In a new interview with Maxim, Taylor Swift expounds on feminism and notes that 'Misogyny is ingrained in people from the time they are born.'
It's nice that with her busy schedule, Taylor has taken the time to immerse herself in Gender Studies to arrive at this bold conclusion. And she admits that her views on feminism have evolved since 2012, when she told the Daily Beast:
I don’t really think about things as guys versus girls. I never have. I was raised by parents who brought me up to think if you work as hard as guys, you can go far in life.
The new Taylor has wised up, and like Joseph McCarthy with Communists, she sees misogyny everywhere. She explains that now she is regarded as more threatening to men, life is harder.
I didn’t see myself being held back until I was a woman. Or the double standards in headlines, the double standards in the way stories are told, the double standards in the way things are perceived. A man writing about his feelings from a vulnerable place is brave; a woman writing about her feelings from a vulnerable place is oversharing or whining.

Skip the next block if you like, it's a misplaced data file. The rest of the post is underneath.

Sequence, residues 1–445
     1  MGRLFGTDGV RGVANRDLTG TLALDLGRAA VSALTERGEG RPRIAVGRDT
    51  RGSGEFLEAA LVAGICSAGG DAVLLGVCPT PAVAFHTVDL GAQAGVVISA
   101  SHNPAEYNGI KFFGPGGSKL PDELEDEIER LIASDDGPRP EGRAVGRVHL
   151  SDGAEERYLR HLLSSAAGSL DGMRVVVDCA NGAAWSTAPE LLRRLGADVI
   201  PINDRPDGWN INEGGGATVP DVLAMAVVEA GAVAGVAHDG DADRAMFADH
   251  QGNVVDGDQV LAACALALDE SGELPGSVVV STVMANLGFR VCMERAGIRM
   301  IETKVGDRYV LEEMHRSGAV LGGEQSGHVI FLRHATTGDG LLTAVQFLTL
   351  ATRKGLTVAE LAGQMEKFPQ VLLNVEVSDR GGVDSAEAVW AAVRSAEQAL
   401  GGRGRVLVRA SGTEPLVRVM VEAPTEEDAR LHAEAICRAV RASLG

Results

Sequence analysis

See? Men are so mean! It's so not fair.
What I love about Taylor Swift is that nothing is ever fair enough for her. When Tina Fey and Amy Poehler made a joke about her, it wasn't fair. When Spotify gave away her music, it wasn't fair. When fans on Etsy made items with her name or likeness, it wasn't fair. When her old guitar teacher mentioned her, that wasn't fair either.
I wish she would name names when she says that misogyny is holding her back. She seems to be getting ahead quite nicely. Perhaps when we're not looking, someone is making her wear a burka.
Don't get me wrong: misogyny is a real issue all over the world. It's just interesting when the most privileged of white women see it as hampering them personally. At least Taylor has Lena Dunham and ten thousand other BFF's to support her ideas about men, trademarks, Spotify and belly buttons.